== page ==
What Do Public Sociologists Do? A Critique of Burawoy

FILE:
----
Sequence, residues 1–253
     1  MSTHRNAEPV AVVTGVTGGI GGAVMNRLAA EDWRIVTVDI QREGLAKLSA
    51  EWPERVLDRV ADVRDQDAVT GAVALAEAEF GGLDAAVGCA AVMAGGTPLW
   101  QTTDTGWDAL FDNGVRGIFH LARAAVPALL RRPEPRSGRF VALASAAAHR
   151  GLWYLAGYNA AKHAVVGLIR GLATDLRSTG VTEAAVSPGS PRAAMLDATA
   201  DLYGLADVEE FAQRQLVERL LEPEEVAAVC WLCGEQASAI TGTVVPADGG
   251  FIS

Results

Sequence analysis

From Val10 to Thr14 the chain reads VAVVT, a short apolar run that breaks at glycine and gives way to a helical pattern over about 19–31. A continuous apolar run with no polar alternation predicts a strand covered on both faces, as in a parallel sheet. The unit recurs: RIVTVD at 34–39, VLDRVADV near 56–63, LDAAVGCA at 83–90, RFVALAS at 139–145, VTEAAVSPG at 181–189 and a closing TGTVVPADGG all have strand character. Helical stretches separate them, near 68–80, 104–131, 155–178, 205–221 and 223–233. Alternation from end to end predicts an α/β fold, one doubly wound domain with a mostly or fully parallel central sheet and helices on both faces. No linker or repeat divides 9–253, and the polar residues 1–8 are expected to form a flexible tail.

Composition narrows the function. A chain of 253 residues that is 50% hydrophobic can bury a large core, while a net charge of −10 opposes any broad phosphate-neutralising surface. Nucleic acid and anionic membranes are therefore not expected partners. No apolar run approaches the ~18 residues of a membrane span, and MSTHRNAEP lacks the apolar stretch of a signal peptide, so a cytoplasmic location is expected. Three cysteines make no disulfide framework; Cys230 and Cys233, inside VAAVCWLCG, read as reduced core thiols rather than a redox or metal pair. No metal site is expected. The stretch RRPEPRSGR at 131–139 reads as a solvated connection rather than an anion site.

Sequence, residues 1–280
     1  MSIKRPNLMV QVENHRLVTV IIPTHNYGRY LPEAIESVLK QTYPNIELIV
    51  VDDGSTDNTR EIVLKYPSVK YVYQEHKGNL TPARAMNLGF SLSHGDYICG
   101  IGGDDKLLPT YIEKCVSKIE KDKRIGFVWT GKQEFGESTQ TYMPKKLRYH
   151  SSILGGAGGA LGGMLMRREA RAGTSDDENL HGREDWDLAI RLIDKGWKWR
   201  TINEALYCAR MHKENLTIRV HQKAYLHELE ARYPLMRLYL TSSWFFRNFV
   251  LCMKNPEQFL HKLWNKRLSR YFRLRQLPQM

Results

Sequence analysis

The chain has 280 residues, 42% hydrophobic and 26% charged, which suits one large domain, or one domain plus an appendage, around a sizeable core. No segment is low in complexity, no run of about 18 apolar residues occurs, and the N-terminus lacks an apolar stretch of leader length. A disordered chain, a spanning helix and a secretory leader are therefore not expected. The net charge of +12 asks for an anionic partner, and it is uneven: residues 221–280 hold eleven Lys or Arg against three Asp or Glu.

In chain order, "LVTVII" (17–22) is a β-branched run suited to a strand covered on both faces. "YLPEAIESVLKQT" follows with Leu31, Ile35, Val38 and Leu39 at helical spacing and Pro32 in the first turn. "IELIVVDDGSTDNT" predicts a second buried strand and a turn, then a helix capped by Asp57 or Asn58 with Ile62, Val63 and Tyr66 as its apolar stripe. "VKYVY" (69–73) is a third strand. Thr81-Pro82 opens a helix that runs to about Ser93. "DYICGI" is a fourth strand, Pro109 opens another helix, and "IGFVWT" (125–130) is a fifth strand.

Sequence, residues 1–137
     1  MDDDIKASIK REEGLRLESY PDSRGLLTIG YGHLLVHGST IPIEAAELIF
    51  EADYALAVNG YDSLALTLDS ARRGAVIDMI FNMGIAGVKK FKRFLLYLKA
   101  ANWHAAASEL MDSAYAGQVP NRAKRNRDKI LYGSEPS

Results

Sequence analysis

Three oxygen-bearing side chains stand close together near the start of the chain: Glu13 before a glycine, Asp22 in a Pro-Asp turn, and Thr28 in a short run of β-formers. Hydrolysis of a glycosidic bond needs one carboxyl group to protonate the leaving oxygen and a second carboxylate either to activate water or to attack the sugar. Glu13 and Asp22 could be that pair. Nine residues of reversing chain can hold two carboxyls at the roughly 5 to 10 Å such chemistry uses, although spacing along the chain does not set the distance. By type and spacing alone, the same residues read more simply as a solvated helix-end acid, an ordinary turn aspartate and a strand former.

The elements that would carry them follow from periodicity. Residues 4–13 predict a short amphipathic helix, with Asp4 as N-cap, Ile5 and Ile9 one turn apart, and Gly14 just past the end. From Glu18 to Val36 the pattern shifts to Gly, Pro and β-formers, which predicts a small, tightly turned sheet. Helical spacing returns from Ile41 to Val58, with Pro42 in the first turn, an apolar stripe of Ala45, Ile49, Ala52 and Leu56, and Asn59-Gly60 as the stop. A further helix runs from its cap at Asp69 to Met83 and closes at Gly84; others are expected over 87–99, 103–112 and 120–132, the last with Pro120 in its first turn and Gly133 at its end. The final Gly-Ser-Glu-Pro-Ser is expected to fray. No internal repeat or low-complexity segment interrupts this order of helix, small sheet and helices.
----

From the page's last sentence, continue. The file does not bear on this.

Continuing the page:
Michael Burawoy certainly seems to have the requisite organizational and marketing savvy to be a successful ‘public sociologist.’ Preaching from a few well-chosen pulpits, the ASA Presidency first among them, he has almost singlehandedly created a multinational cottage industry busily debating his ideas about the future of our discipline. The responses have been as varied as they have been numerous. While many have been quite critical, the criticisms have originated from a bewildering range of often entirely opposite positions on the ideological-philosophical spectrum, as well as from every imaginable position in between. Burawoy himself takes this multiplicity of position-takings to be evidence for the plausibility of his own ideas about different kinds of sociology and the possibility of a fruitful, collaborative division of labour between them (Burawoy 2007: 246). But we suspect it is more likely simply an expression of the depth and the breadth of our discord concerning the basic question of what we want with our discipline .